Dear all,

I am still testing the new statistics module and I found two cases were the behavior of the module seems suboptimal to me.

My most important concern is the module's internal _sum function and its implications, the other one about passing Counter objects to module functions.

As for the first subject:

Specifically, I am not happy with the way the function handles different types. Currently _coerce_types gets called for every element in the function's input sequence and type conversion follows quite complicated rules, and - what is worst - make the outcome of _sum() and thereby mean() dependent on the order of items in the input sequence, e.g.:

>>> mean((1,Fraction(2,3),1.0,Decimal(2.3),2.0, Decimal(5)))

1.9944444444444445

>>> mean((1,Fraction(2,3),Decimal(2.3),1.0,2.0, Decimal(5)))

Traceback (most recent call last):

File "<pyshell#7>", line 1, in <module>

mean((1,Fraction(2,3),Decimal(2.3),1.0,2.0, Decimal(5)))

File "C:\Python33\statistics.py", line 369, in mean

return _sum(data)/n

File "C:\Python33\statistics.py", line 157, in _sum

T = _coerce_types(T, type(x))

File "C:\Python33\statistics.py", line 327, in _coerce_types

raise TypeError('cannot coerce types %r and %r' % (T1, T2))

TypeError: cannot coerce types <class 'fractions.Fraction'> and <class 'decimal.Decimal'>

(this is because when _sum iterates over the input type Fraction wins over int, then float wins over Fraction and over everything else that follows in the first example, but in the second case Fraction wins over int, but then Fraction vs Decimal is undefined and throws an error).

Confusing, isn't it? So here's the code of the _sum function:

def _sum(data, start=0):

"""_sum(data [, start]) -> value

Return a high-precision sum of the given numeric data. If optional

argument ``start`` is given, it is added to the total. If ``data`` is

empty, ``start`` (defaulting to 0) is returned.

Examples

--------

>>> _sum([3, 2.25, 4.5, -0.5, 1.0], 0.75)

11.0

Some sources of round-off error will be avoided:

>>> _sum([1e50, 1, -1e50] * 1000) # Built-in sum returns zero.

1000.0

Fractions and Decimals are also supported:

>>> from fractions import Fraction as F

>>> _sum([F(2, 3), F(7, 5), F(1, 4), F(5, 6)])

Fraction(63, 20)

>>> from decimal import Decimal as D

>>> data = [D("0.1375"), D("0.2108"), D("0.3061"), D("0.0419")]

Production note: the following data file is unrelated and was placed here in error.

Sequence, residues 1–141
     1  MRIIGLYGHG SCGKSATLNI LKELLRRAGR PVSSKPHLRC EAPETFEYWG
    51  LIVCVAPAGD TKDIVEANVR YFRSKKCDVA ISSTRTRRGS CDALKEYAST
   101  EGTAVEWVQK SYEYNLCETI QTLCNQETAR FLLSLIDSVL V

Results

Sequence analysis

>>> _sum(data)

Decimal('0.6963')

"""

n, d = _exact_ratio(start)

T = type(start)

partials = {d: n} # map {denominator: sum of numerators}

# Micro-optimizations.

coerce_types = _coerce_types

exact_ratio = _exact_ratio

partials_get = partials.get

# Add numerators for each denominator, and track the "current" type.

for x in data:

T = _coerce_types(T, type(x))

n, d = exact_ratio(x)

partials[d] = partials_get(d, 0) + n

if None in partials:

assert issubclass(T, (float, Decimal))

assert not math.isfinite(partials[None])

return T(partials[None])

total = Fraction()

for d, n in sorted(partials.items()):

total += Fraction(n, d)

if issubclass(T, int):

assert total.denominator == 1

return T(total.numerator)

if issubclass(T, Decimal):

return T(total.numerator)/total.denominator

return T(total)

Internally, the function uses exact ratios for its calculations (which I think is very nice) and only goes through all the pain of coercing types to return

T(total.numerator)/total.denominator

where T is the final type resulting from the chain of conversions.

I think a much cleaner (and probably faster) implementation would be to gather first all the types in the input sequence, then decide what to return in an input order independent way. My tentative implementation:

def _sum2(data, start=None):

if start is not None:

t = set((type(start),))

n, d = _exact_ratio(start)

else:

t = set()

n = 0

d = 1

partials = {d: n} # map {denominator: sum of numerators}

# Micro-optimizations.

exact_ratio = _exact_ratio

partials_get = partials.get

# Add numerators for each denominator, and build up a set of all types.

for x in data:

t.add(type(x))

n, d = exact_ratio(x)

partials[d] = partials_get(d, 0) + n

T = _coerce_types(t) # decide which type to use based on set of all types

if None in partials:

assert issubclass(T, (float, Decimal))

assert not math.isfinite(partials[None])

return T(partials[None])

total = Fraction()

for d, n in sorted(partials.items()):

total += Fraction(n, d)

if issubclass(T, int):

assert total.denominator == 1

return T(total.numerator)

if issubclass(T, Decimal):

return T(total.numerator)/total.denominator

return T(total)

this leaves the re-implementation of _coerce_types. Personally, I'd prefer something as simple as possible, maybe even: